After lobbying Sec. Gessler for months and demonstrating that clerks could tell who voted ballots by reading computer generated marks made on ballots, Gessler proposed changes to SOS election rules Dec. 8, which previously allowed CORA access to ballots, suggesting access be delayed for a month or longer, amounting to a CORA blackout. The time period that ballots would not be available would place them out of reach at precisely the time most crucial to determining whether ballots have been mishandled and a recount is necessary. Computer room access would be denied to both watchers and media observers.
The new rules had already seen a test run by Saguache County Clerk Melinda Myers in late September 2011. In an e-mail answer to a CORA request for election information, Myers wrote: “We have numerous election deadlines bearing down on us as well as other office tasks, and are having trouble making time to address them all, due the large work load and numerous CORA requests about this and past elections.
“I have therefore decided to adopt an office policy…that defers answering CORA requests starting 45 days before an election until 20 days after. At that time they will all be addressed.”
Myers contended that office policy adopted by the county supersedes state and federal law concerning CORA requests. Many of the difficulties encountered in reporting the facts surrounding the 2010 election resulted from the inability of press and private individuals to obtain copies of important election documents necessary to present a complete picture of the problems plaguing the election.
Continuous video also would no longer be required in the new SOS rules, meaning even motion-activated surveillance such as was used in Saguache during the 2010 General Election would be permitted. Initially continuous video was mandated because of the drawbacks to other types of recordings.
Under the proposed changes, county clerks would be allowed to investigate and sit as sole judge on breach of security incidents, determine on his/her own what constitutes tampering, and based on this decide what, if anything should be reported to the SOS. Many other security measures now in place also were proposed for deletion.
After receiving some major pushback from the attorneys and election integrity advocates, the rules were laid aside. They surfaced later in December as the template for legislation now before the State Legislature.
HB 155 — State legislators propose CORA blackout during elections
Despite concerns voiced by election activists, a Senate committee passed a bi-partisan bill March 15 that will black out Colorado elections, preventing reporters and concerned citizens from viewing voted ballots and election records during the two–month election cycle.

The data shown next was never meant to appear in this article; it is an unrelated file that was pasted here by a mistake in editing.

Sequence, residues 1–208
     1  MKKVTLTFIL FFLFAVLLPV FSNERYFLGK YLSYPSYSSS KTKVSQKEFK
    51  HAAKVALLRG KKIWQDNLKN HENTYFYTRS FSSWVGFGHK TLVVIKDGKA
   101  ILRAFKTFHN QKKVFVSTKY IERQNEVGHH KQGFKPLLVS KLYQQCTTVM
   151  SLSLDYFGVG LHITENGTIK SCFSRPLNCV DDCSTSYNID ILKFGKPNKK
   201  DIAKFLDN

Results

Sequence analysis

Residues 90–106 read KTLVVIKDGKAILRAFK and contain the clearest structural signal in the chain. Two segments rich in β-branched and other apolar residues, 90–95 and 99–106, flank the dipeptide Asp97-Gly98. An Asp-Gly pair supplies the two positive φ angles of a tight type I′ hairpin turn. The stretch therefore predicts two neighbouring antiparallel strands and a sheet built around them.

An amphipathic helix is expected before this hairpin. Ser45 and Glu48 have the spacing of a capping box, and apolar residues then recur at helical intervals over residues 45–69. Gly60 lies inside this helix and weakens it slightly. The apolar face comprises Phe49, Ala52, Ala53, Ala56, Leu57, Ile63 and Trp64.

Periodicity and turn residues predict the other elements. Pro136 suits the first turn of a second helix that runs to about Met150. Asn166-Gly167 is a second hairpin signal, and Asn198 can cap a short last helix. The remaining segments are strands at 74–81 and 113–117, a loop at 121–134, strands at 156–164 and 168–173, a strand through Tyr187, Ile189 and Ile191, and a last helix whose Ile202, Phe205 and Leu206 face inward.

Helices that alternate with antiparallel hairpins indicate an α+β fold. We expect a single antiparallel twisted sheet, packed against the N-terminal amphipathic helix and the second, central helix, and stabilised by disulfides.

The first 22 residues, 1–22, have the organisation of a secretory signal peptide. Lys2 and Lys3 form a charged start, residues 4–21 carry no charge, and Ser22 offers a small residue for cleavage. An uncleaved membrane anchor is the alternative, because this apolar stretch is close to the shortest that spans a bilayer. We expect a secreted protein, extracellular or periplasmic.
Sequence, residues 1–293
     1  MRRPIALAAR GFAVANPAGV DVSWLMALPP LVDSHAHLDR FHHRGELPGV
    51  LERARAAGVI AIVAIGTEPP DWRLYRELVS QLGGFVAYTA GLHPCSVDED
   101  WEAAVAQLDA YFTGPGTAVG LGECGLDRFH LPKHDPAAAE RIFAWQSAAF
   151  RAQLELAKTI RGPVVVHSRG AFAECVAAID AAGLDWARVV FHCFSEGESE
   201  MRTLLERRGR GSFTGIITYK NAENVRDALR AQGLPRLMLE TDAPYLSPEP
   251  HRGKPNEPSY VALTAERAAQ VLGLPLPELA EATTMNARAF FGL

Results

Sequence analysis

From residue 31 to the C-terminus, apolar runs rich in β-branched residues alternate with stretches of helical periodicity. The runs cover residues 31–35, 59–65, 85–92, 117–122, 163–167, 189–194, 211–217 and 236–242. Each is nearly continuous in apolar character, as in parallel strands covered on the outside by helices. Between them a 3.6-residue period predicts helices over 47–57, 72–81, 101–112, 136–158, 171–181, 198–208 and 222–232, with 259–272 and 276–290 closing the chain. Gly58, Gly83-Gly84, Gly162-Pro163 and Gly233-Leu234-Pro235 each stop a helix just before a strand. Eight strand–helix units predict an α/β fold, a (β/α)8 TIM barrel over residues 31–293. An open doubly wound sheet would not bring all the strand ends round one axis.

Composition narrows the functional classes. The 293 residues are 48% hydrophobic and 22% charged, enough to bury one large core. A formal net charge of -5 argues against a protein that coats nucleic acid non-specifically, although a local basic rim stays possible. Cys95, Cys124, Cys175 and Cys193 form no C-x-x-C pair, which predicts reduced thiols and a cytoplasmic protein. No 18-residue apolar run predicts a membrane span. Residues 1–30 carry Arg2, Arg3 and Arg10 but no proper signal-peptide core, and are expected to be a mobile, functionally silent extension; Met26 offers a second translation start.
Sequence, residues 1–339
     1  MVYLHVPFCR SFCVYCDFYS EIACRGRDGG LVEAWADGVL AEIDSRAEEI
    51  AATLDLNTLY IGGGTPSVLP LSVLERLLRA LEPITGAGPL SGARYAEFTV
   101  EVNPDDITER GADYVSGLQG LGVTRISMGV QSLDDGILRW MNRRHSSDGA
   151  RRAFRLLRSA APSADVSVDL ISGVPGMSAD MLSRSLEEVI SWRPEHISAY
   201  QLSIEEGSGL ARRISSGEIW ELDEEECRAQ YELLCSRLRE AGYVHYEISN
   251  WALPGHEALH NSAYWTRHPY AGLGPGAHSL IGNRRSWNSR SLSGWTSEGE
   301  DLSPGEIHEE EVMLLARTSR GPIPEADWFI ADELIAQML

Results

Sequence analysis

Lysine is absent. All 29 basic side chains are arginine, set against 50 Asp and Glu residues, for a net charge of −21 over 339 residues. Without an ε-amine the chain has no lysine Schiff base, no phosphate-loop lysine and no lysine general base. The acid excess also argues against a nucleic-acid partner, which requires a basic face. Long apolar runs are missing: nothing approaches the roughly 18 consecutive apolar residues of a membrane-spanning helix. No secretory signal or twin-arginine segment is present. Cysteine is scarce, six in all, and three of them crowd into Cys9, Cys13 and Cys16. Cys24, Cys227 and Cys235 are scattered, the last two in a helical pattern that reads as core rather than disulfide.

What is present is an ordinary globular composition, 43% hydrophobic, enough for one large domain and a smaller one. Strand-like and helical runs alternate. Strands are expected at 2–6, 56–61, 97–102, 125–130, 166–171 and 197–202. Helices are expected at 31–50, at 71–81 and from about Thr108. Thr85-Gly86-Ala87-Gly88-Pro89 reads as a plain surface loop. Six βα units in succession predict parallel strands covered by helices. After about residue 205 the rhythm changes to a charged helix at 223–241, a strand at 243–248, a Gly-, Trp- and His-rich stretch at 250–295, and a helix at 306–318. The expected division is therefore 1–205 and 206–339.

Saguache County residents Lisa Cyriacks and Teresa Benns testified against passage of the bill at the hearing, conducted by the Senate’s State, Veterans & Military Affairs Committee. Election integrity activists Marilyn Marks of Pitkin County, Harvie Branscomb of Eagle County, Joe Richey and Mary Eberle of Boulder County, Kathleen Curry of Gunnison County and others also testified against the bill.
State Senator Rollie Heath, sponsor of the bill, opened the hearing by explaining that HB 155 would “allow clerks to do their job by staying CORA during the certification and recount period.” Ballots could be reviewed once the election is certified.
Sen. White, co-sponsor of the bill commented, “We need to protect anonymity. The coming election is very important and Colorado will be in the spotlight.” Because this is an election year, the bill should be passed in timely fashion, she indicated.
Sec. of State Scott Gessler said he supported the bill because it would protect the need for anonymity and prevent Colorado Open Records Act (CORA) cases from clogging the courts. While Colorado county clerks and others insisted the bill is necessary to guarantee anonymity, opponents argue that the way to do this is not to enact a CORA blackout but to limit ballot styles, issue ballots without traceable electronic markings and shuffle ballots regularly.
Election integrity advocate Marks noted that the language “interested parties” in the bill is discriminatory and likely unconstitutional. She pointed out that the “interested party” restrictions “disenfranchise many of the formerly involved recount participants under Rule 14,” which currently allows members of the press to inspect ballots. The bill as proposed would not include the press as “interested parties.”
While some reports portray the bill as a step forward in protecting voter anonymity, others point out that this is not the case. County clerks and recorders, they say, are the ones who really benefit from the bill, and have lobbied for its introduction to avoid the extra work involved in filing CORA requests. Ultimately the fate of Colorado ballots will now rest with the clerks should the bill pass.
Another bill now before the house would allow ballots to be posted on the Internet immediately after being voted on election night and a second bill would make more information from on-going litigation available to the public.
Saguache County lessons can help improve elections